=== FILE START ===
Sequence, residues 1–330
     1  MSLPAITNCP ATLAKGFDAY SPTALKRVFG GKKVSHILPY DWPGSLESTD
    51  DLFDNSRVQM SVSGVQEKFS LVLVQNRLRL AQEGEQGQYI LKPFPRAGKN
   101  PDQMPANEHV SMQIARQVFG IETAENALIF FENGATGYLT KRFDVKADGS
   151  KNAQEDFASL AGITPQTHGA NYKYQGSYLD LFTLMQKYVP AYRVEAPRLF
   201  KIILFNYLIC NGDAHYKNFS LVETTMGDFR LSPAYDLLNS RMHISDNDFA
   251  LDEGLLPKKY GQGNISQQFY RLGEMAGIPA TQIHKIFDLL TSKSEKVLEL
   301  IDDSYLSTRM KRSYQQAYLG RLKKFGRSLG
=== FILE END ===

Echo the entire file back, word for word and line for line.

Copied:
Sequence, residues 1–330
     1  MSLPAITNCP ATLAKGFDAY SPTALKRVFG GKKVSHILPY DWPGSLESTD
    51  DLFDNSRVQM SVSGVQEKFS LVLVQNRLRL AQEGEQGQYI LKPFPRAGKN
   101  PDQMPANEHV SMQIARQVFG IETAENALIF FENGATGYLT KRFDVKADGS
   151  KNAQEDFASL AGITPQTHGA NYKYQGSYLD LFTLMQKYVP AYRVEAPRLF
   201  KIILFNYLIC NGDAHYKNFS LVETTMGDFR LSPAYDLLNS RMHISDNDFA
   251  LDEGLLPKKY GQGNISQQFY RLGEMAGIPA TQIHKIFDLL TSKSEKVLEL
   301  IDDSYLSTRM KRSYQQAYLG RLKKFGRSLG